GSC – Trinity Sunday (Fathers’ Day) 2019
Fathers’ Day and Mothers’ Day can be emotionally difficult times because perhaps we remember with sadness those of our families who have died; or indeed we’re made bitterly aware that we don’t really know what the love of an earthly father or earthly mother looks like. These sadnesses are then brought to the forefront of our minds in the midst of much rejoicing about these very particular bites of rejoicing. It brings out how difficult it can be to heed the words of St Paul that sound so easy, when he writes “Rejoice with those who rejoice, weep with those who weep” (Romans 12:15). Sounds easy but not when we’re dealing with other stuff.
In these awkward situations where people can be responding to different things, the temptation can be to try to gloss over the difficulties or to simply remove them or to distance ourselves from the places of contact and potential collision. We must resist these temptations for we end up removing quite important moments of encounter from our lives and the devil loves nothing more than when we cut ourselves off from one another.
When we celebrate Fathers Day, we celebrate an ideal and it’s a reminder that the Church is about ideals. Just because marriages fail, doesn’t mean the church has to redefine what marriage is. Just because people work on Sunday, doesn’t mean Christians no longer have to go to Mass every Sunday. Just because some dads are absent or aren’t very good at it, doesn’t mean we ought not to celebrate the ideal of fatherhood, an ideal lived out faithfully by so many and not just those we are biologically related to.
Individuals falling short of the ideal ought not to surprise us when we read the Bible, the account of how God chooses to save individuals who are part of a holy people. I just want to look through now a few examples of Dads we see in the Scriptures. This isn’t aways easy because, especially in large chunks of the Old Testament the point of some dads was simply that they continued the line of the family, passing on the inheritance. So, if you were to look up Matthew 1 in your bibles at home, you would see a whole list of names (“Abraham was the father of Isaac, and Isaac the father of Jacob and Jacob the father of Judah and his brothers” etc. etc.)) and the only point of them for those purposes is that they had children who had children who had children and thereby linked Jesus with Abraham, the father of many nations. The Christian family is not, however, to be thought of as the means by which wealth and land is passed on. We have no idea how much money St Joseph left our Lord because it doesn’t matter. What does matter is how much of the Christian faith is passed on. Hence the Gospels tell us of the children of Simon of Cyrene, who helped Jesus carry His Cross as we pray at the fifth station during Lent. St Mark records that Simon of Cyrene was father of “Alexander and Rufus” (Mark 15:21). We know nothing else about them other than that their dad passed on the Christian faith to them and they became members of the Church. And that’s all that matters.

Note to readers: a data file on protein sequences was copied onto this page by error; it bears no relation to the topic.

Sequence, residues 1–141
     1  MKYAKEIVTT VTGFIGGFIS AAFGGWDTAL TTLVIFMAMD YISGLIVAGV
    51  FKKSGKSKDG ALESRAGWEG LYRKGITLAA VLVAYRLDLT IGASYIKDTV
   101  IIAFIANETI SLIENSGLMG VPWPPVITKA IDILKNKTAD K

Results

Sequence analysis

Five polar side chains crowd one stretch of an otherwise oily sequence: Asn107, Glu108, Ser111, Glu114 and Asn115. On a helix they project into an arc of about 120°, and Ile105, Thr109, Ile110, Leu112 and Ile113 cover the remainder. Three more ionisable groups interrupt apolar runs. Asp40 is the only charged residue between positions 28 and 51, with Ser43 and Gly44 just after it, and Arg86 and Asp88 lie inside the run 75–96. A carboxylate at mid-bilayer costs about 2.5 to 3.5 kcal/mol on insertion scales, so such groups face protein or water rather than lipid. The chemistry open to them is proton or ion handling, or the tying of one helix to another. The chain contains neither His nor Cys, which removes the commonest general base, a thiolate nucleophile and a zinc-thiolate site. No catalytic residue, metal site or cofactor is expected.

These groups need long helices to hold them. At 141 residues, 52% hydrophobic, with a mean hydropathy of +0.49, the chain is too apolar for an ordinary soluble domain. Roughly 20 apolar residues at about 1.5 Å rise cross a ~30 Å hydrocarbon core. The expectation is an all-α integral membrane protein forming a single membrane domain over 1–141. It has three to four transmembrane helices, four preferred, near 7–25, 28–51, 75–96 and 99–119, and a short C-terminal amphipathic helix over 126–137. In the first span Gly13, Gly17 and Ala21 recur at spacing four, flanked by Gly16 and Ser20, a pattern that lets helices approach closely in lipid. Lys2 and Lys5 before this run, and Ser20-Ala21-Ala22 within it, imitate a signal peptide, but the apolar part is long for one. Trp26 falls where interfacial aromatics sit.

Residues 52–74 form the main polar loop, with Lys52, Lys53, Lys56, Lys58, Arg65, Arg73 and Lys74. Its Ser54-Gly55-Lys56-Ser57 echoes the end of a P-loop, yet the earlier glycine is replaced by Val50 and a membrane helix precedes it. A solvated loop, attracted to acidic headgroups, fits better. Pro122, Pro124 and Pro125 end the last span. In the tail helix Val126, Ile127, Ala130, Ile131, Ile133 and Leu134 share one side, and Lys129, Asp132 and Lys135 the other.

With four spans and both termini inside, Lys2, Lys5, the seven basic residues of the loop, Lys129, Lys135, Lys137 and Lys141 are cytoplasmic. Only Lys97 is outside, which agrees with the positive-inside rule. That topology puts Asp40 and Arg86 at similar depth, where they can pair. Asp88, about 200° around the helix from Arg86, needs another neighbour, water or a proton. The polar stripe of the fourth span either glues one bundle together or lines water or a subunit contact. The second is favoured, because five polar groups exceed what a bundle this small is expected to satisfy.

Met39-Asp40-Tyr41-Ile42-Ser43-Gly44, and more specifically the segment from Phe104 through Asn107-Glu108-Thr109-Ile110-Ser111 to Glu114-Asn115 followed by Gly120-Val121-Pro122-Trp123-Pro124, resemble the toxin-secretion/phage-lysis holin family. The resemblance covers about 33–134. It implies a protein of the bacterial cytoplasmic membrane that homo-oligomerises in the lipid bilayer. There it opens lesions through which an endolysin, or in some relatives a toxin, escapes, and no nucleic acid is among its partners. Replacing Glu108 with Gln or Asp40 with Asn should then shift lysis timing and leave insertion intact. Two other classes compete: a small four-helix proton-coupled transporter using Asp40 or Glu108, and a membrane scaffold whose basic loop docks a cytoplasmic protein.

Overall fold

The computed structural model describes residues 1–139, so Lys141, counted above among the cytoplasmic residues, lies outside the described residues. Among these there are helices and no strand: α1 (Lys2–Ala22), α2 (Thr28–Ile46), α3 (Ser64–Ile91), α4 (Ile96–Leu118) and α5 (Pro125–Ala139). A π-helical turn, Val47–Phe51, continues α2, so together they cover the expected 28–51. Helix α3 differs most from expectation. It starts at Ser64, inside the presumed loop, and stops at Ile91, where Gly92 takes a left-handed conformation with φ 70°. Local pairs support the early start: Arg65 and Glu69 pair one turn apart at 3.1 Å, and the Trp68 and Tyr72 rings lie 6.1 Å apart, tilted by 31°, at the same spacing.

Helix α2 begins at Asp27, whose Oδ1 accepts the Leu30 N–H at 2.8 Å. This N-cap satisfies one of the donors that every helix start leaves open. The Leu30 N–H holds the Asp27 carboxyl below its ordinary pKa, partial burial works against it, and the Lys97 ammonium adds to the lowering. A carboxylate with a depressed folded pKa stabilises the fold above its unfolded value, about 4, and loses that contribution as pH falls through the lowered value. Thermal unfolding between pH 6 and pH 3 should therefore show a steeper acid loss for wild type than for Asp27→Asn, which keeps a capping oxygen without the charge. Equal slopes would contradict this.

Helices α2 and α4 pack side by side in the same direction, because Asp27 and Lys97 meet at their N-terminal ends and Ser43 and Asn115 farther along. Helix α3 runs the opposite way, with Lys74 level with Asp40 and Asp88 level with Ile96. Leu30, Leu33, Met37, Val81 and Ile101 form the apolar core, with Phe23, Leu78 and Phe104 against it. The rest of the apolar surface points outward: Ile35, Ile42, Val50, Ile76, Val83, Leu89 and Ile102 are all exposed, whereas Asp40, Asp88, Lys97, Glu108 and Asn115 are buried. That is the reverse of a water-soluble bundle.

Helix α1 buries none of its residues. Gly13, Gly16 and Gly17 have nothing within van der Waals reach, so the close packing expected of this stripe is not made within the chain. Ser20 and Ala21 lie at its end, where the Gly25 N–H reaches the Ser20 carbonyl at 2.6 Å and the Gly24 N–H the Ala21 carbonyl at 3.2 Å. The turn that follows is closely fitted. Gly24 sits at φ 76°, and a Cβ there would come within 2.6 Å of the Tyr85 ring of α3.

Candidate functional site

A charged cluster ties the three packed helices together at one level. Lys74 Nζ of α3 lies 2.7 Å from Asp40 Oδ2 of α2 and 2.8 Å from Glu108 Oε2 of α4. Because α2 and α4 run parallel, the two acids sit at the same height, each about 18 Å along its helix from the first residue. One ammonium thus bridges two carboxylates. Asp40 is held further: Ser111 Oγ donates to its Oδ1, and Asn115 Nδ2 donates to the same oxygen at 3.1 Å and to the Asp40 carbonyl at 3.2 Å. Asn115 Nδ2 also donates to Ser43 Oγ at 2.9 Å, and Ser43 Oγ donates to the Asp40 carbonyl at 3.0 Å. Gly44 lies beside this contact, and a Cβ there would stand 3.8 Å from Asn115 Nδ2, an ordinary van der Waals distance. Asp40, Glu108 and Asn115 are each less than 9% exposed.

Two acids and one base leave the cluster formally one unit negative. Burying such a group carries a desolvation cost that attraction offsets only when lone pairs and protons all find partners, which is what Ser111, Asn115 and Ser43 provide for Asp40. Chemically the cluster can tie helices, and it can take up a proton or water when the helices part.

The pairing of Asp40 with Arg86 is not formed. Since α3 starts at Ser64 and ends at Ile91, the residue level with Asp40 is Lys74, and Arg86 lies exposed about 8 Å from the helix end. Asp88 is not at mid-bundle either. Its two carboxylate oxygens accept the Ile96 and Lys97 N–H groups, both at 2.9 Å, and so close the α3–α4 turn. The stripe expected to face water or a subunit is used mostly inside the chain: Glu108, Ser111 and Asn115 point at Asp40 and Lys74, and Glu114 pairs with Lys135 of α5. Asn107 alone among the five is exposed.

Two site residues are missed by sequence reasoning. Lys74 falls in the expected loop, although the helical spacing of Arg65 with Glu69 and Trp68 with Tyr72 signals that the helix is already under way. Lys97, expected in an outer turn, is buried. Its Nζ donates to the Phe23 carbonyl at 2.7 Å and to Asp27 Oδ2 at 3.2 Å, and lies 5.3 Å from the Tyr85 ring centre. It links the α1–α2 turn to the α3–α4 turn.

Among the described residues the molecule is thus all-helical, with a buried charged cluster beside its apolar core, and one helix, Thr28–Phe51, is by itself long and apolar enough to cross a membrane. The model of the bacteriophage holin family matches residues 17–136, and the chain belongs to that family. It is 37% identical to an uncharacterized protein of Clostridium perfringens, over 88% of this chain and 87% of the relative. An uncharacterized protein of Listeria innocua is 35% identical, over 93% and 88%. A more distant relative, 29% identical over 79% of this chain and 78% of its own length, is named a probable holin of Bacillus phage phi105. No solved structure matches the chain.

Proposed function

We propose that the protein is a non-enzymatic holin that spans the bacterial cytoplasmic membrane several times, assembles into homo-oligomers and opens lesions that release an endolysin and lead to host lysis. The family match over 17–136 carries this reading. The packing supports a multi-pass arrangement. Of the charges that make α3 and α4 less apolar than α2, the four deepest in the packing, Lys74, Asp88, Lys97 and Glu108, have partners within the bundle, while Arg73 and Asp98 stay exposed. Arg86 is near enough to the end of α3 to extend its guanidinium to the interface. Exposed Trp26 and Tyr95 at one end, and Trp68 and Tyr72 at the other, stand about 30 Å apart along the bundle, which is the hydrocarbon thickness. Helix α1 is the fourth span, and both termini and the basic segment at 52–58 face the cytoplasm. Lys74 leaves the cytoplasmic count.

Other biblical examples, well let’s think of Isaac. Isaac was the son of Abraham, Ishmael’s twin. Isaac is portrayed in Genesis 27 as a rather daft old man, blind and on his death bed. He calls his sons, Esau, the eldest, and Jacob to his bed. Esau is given a task to do, while Rebekah, Isaac’s wife, and Jacob conspire to take the inheritance that is Esau’s right and ensure Jacob gets it instead. They do this by dressing the cleanly shaven Jacob with the skin of a dead donkey so he feels hairy to the touch of a blind old man who can be deceived. It’s an awful reflection of how materialistic people can be, concerned only about money. Anyway, Isaac blesses Jacob, believing him to be Esau: “Let peoples serve you, and nations bow down to you.” Esau then comes forward ad enables Isaac to realise he has made the mistake and Isaac is livid. He is initially reluctant because the blessing has already been given but in response to Esau’s tears, he does bless him, acknowledging the future difficulties but promising liberation. Isaac’s generosity, even in his foolishness, is a sign surely of a good dad?